Each of the seven sections were then explained in greater detail in the manual. The only problem I had between then and now was the distinction of supervisor versus manager. Whereas I tend to see a supervisor as someone working more closely with workers to assure work is performed properly, I tend to see a manager as more as a leader assessing priorities and plotting direction. Although the chapter referred to a “supervisor,” I believe they were actually describing the duties of a “manager.”

For some rather old management advice from over a half century ago, I found it rather refreshing and interesting. It confirms what we’ve been saying for years, that managers need to learn to manage from the bottom-up, not just top-down. Employees should be properly trained, empowered, and allowed to assume responsibility. In other words, managers should manage more and supervise less, which is just the antithesis of today’s micromanagement philosophy.

The management advice from 1961 is every bit as applicable today as it was back then, making it something we should reconsider. Maybe one of the reasons viewers find the “Mad Men” program interesting is because it represents a time when we were more concerned with results as opposed to political correctness. And maybe we wish we could actively participate in such companies as the Sterling Cooper Advertising Agency where Don Draper is the charismatic creative director who knows how to make things happen. Maybe he attended the same training course with my father.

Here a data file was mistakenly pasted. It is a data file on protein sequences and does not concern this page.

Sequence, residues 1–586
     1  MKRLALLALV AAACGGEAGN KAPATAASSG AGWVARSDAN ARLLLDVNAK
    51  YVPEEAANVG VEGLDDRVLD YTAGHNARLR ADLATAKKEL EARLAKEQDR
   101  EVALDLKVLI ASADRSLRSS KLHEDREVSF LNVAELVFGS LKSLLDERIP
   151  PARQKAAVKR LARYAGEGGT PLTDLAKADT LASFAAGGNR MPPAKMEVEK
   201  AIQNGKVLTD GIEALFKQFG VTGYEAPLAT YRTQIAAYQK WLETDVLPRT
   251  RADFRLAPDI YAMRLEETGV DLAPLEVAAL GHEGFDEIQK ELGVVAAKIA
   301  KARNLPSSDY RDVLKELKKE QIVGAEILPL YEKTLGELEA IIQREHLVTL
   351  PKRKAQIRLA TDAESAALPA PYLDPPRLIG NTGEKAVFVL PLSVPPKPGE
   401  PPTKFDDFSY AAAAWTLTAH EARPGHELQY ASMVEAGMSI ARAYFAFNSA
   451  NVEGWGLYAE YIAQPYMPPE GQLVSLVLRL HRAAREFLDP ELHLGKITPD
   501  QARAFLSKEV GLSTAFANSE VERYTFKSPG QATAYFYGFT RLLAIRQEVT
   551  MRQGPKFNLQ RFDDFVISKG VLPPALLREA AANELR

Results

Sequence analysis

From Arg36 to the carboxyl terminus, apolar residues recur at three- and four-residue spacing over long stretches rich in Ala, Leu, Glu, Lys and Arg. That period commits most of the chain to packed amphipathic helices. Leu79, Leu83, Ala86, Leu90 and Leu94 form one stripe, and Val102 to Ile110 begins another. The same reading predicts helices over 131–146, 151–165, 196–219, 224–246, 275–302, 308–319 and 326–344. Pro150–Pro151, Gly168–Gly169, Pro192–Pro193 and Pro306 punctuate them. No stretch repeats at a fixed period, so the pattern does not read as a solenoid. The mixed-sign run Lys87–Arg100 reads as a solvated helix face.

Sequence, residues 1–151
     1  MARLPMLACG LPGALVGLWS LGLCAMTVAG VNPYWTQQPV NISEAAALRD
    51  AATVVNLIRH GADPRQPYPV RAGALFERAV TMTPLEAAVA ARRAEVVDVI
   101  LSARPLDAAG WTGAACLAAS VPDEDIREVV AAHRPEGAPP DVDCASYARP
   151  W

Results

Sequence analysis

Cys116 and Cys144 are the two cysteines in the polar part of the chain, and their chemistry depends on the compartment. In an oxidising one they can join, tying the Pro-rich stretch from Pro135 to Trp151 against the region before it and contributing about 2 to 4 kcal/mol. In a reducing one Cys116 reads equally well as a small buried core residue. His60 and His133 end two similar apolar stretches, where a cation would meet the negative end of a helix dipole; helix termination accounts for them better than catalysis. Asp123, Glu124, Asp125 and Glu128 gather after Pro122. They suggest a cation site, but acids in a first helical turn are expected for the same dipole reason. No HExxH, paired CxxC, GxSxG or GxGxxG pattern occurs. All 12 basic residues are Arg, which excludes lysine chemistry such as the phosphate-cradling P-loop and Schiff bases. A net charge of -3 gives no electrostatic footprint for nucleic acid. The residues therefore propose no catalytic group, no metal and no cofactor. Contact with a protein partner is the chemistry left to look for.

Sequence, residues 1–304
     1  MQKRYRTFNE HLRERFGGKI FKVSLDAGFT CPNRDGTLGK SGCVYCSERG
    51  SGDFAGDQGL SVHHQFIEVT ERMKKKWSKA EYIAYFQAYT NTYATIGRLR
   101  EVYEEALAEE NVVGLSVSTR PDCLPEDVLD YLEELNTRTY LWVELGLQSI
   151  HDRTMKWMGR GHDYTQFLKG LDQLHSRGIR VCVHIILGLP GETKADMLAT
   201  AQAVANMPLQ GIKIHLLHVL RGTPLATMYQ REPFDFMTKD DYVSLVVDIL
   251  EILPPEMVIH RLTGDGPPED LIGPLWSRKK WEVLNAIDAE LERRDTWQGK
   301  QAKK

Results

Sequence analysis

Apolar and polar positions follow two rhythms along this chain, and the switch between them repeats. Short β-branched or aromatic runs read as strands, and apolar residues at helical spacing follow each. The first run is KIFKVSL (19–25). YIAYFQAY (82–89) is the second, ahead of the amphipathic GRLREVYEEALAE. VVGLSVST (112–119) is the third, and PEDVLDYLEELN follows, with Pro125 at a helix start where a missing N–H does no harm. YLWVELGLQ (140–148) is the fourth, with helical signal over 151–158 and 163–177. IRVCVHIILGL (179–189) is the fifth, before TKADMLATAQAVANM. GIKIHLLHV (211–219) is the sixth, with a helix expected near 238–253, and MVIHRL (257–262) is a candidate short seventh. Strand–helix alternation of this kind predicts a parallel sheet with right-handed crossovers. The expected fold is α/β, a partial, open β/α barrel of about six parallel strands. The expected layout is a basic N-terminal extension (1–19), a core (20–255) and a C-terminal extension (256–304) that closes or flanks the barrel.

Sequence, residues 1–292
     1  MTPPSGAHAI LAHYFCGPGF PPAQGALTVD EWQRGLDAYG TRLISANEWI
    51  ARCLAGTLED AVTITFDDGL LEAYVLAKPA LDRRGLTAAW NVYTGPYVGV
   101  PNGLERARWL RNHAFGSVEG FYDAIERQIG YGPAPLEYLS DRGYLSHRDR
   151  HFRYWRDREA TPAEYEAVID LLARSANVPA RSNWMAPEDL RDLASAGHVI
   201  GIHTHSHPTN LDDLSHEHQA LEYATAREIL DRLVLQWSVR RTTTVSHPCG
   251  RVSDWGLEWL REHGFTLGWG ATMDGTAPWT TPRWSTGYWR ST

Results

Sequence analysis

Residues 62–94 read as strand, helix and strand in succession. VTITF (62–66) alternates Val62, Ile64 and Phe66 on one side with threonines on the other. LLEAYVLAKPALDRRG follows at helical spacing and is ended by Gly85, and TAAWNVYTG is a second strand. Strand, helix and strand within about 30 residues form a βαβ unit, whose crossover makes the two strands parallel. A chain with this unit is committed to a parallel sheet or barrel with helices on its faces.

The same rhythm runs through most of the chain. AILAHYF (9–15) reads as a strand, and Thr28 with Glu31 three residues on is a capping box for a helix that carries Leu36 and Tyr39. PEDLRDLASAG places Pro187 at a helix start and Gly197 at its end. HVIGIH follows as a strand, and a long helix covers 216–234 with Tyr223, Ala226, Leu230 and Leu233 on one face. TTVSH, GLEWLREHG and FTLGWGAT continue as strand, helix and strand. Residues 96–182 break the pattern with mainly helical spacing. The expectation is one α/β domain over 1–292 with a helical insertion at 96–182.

Keep the Faith!

Note: All trademarks both marked and unmarked belong to their respective companies.

Tim Bryce is a writer and the Managing Director of M&JB Investment Company (M&JB) of Palm Harbor, Florida and has over 30 years of experience in the management consulting field. He can be reached at

For Tim’s columns, see:

Tim is also the Secretary of Dunedin Lodge No. 192 F.& A.M. in Florida.

Copyright © 2012 by Tim Bryce. All rights reserved.